Once a sleepy federal backwater, the Department of Health and Human Services (HHS) now has primary responsibility for implementing the federal takeover of the U.S. health-care industry, and Pres. Barack Obama proposes to fill a key position there with Dr. Donald Berwick, who exemplifies the worst aspects of the Democrats’ health-care agenda: denouncing the “darkness of private enterprise,” he celebrates the centralization of power, the redistribution of wealth, and the subordination of health-care professionals to political players. Republicans should defeat his nomination.
Although HHS Secretary Kathleen Sebelius probably will remain as the public face of administration’s health-care effort, the HHS staffer who may in fact wield the most power in the unfolding implementation drama is the less visible administrator of the Centers for Medicare and Medicaid Services (CMS). As its name implies, CMS is charged with running the nation’s massive public insurance programs — Medicare and Medicaid — which together already cover about 100 million people and cost more than $1 trillion annually. The new health-care law places another 15 million people under the Medicaid umbrella and requires scores of changes in the way Medicare is run. Further, the CMS administrator is the designated point man in the government’s “bend the cost curve” campaign.
It is to this crucial position that the administration has now nominated Dr. Berwick, a Massachusetts physician and an unabashed believer in centralized governmental power over the health sector. He has spoken and written in glowing terms about the British National Health Service (NHS), mainly because the NHS has a command-and-control structure in which the nation’s physicians and hospitals have little choice but to fall in line with the government’s orders. He boasts of the political power and cost control such a system provides, but papers over the deteriorating capital structure, rationing, and widespread quality problems that predictably follow when impersonal bureaucratic structures call all of shots. He affirms that a system for health-care financing “must — must! — redistribute wealth.”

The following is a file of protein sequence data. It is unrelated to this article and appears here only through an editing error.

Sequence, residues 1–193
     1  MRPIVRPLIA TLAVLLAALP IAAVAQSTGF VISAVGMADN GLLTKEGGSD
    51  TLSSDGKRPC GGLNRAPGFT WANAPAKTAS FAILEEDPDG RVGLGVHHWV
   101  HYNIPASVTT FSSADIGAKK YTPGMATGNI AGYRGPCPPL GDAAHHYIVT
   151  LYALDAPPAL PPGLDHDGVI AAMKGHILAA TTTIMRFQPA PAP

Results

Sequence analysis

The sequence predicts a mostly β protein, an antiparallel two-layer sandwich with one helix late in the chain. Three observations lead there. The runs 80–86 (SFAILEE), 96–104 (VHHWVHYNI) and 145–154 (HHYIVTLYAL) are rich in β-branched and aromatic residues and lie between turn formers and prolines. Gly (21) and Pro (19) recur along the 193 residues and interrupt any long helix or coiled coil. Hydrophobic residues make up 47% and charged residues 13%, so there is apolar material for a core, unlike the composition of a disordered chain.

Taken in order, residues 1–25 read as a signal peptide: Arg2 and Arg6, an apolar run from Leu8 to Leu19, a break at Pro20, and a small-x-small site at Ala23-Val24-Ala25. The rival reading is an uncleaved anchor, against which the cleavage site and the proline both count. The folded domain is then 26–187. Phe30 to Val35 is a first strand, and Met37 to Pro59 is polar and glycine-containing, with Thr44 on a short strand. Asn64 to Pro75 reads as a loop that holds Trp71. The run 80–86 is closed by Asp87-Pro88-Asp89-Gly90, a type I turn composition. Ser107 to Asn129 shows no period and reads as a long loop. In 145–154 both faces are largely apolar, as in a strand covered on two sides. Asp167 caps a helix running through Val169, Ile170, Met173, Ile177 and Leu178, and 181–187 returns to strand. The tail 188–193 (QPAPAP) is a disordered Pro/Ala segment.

We generally take the view that presidents deserve substantial deference when picking nominees for important and sensitive administrative positions in the executive branch. No matter which party holds power, someone needs to make sure the trains run on time — and to be held accountable when they don’t. By all accounts, Dr. Berwick is both a respected physician and an acknowledged expert in techniques for improving the quality of American health care with voluntary efforts in the private sector. But it’s also clear that he personifies Americans’ worst fears about the Obamacare experiment. Personnel is policy, and Dr. Berwick gives us an indication of what Obamacare will look like in practice, as opposed to the fantasy with which Americans were presented during the health-care debate.
The White House and Senate Democrats are already accusing Republicans of using the Berwick nomination to re-litigate the health-care fight. They are right in a sense. A fight over Berwick would be a fight over Obamacare all over again. But that is as it should be. The health-care bill was sold to the American public on false pretenses. The president and his allies said they had no intention of pursuing a governmental takeover of American health care, but that’s exactly what the bill they passed will lead to. And now we have a nominee whose public record makes it abundantly clear that is the goal he would pursue if confirmed.
Obamacare has been enacted, but won’t really be implemented until 2014. There is still ample time to change course. But change will require voters sending new leadership to Washington this November and again in 2012. The Berwick nomination is a perfect opportunity to demonstrate to the electorate again what will happen if Obamacare is allowed to run its course. Senate Republicans should not hesitate to seize it, and to defeat this nominee.